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January 17, 2019

Why economic integration is not always favourable

Models draped with flags of the 5 east African members EAC during the official launch of the protocol in Nairobi/ FILE
Models draped with flags of the 5 east African members EAC during the official launch of the protocol in Nairobi/ FILE

In June, the EU fired its first riposte against Washington’s punishing steel and aluminium tariffs, joining Canada and Mexico in a brewing global trade war against US protectionism.

But it would be imperative to understand the politics and economics in international integration to understand such reactions.

Economic integration is discriminatory removal of all trade impediments or barriers between participating countries and establishment of certain defined coordination between them.

All economies could be argued to be as integrated, except those practicing autarky. It could be market-led, where it is without formal involvement of governments or policy led, where it is through inter-governmental frameworks.

In regards to a state’s decision-making, whether economic or political, it is the government of a state that claims internal and external or international sovereignty. However, regional integration, which is basically born out of treaty making in one way or another, limits a state’s sovereignty or independence in making its domestic policies, say individual trading with a certain state.

Dynamic effects of integration are rooted in internal and external economies of scale, faster technological progress as a result of economies of scale, enhanced competition, reduced uncertainty, creation of favourable economic environment and lower costs of capital due to the integration of financial market.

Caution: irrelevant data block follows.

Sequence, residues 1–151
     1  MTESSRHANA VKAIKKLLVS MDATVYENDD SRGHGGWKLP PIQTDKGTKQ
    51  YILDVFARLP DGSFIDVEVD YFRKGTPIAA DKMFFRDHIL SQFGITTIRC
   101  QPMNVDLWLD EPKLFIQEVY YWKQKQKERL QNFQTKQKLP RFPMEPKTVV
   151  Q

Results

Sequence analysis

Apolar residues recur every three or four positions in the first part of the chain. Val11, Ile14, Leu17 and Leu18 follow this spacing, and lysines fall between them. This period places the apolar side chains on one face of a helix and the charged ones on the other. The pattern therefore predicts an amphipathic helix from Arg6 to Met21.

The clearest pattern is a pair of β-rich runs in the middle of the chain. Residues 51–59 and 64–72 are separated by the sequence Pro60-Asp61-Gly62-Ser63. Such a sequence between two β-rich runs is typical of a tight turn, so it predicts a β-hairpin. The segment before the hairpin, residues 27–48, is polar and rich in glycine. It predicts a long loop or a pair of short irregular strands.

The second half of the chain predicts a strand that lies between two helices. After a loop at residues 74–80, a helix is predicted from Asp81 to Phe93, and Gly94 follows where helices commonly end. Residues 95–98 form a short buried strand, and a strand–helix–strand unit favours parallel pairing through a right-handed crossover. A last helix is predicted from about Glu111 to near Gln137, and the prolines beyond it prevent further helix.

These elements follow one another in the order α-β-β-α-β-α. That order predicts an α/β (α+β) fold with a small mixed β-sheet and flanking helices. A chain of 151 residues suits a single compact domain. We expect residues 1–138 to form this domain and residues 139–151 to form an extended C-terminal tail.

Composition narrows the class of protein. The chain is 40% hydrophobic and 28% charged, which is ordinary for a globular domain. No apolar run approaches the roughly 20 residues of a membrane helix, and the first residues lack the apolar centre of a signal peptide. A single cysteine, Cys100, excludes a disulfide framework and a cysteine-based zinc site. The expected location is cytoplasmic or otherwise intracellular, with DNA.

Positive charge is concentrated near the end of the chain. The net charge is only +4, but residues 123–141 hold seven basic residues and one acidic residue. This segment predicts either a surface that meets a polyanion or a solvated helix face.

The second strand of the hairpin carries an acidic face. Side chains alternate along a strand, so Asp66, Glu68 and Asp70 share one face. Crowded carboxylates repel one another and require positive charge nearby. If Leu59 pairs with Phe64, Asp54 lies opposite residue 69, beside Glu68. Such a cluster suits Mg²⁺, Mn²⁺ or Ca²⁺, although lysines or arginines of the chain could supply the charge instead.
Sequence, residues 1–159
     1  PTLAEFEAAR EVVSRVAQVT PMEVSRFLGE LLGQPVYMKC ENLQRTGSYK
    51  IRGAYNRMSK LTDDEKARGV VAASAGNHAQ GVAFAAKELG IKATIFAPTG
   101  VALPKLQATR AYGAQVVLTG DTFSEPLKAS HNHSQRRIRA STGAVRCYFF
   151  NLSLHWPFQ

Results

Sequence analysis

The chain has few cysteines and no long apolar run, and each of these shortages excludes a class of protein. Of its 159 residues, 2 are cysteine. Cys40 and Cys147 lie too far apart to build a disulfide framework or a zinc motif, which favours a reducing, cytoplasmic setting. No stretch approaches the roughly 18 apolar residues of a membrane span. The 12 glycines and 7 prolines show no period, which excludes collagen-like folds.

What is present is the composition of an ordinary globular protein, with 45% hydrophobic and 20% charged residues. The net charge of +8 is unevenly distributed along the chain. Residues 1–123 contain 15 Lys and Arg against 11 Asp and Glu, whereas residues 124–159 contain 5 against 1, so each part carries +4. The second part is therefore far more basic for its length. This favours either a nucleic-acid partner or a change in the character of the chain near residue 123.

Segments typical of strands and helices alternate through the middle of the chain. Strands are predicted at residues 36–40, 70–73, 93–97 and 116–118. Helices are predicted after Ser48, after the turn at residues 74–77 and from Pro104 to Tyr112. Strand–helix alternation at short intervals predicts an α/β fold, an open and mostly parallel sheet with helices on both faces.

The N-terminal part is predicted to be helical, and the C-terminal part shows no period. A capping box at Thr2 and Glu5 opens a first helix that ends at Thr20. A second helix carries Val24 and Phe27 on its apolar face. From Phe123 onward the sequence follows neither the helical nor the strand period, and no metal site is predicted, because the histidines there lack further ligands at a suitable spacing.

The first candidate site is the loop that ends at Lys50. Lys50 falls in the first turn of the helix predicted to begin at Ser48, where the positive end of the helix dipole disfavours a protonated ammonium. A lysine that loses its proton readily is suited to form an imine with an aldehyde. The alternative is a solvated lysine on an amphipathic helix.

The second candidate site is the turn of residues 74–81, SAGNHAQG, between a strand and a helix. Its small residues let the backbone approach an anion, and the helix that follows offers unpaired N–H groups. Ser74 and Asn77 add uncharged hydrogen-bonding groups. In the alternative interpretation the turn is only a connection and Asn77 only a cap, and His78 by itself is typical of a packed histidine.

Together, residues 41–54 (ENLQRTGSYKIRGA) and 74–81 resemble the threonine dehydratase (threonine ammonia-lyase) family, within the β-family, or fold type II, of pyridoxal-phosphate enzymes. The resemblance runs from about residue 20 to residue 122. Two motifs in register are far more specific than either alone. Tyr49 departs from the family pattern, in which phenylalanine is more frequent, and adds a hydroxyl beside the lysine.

To analyze the consequences of integration for economic growth in a systematic way, there are two lines of theory that have to be distinguished — neoclassical and endogenous growth theory.

In neoclassical growth theory, economic integration and other institutional aspects or economic policy measures have no effect on the steady state growth rate, which is actually solely determined by the exogenous rate of technological progress. Consequently, as a result of diminishing returns to capital the capital stock and output, per efficient worker grow only to the point where the investment-ratio equals depreciation plus the rate of technological progress.

Institutional changes, increases in efficiency or changes in the investment-ratio have only temporary effects on the growth rate; after a transition period it falls back to its steady-state level. Thus, neoclassical growth theory clearly rejects the hypothesis of permanent growth effects.

At the end, both static and dynamic level effects occur. Static effects arise from three main sources — lower trade costs, increased competition and enhanced factor mobility. This increase in efficiency leads to more output from the same amount of inputs in a first round (static effects). But this is not the end of the story. Given a constant investment-ratio, the increase in output also leads to higher investment and an increase in the capital stock, which in turn increases output in a second round (dynamic effects)

Impacts include tariff reductions; the harmonization of external tariff and their the elimination, which are not always favourable to participating states.


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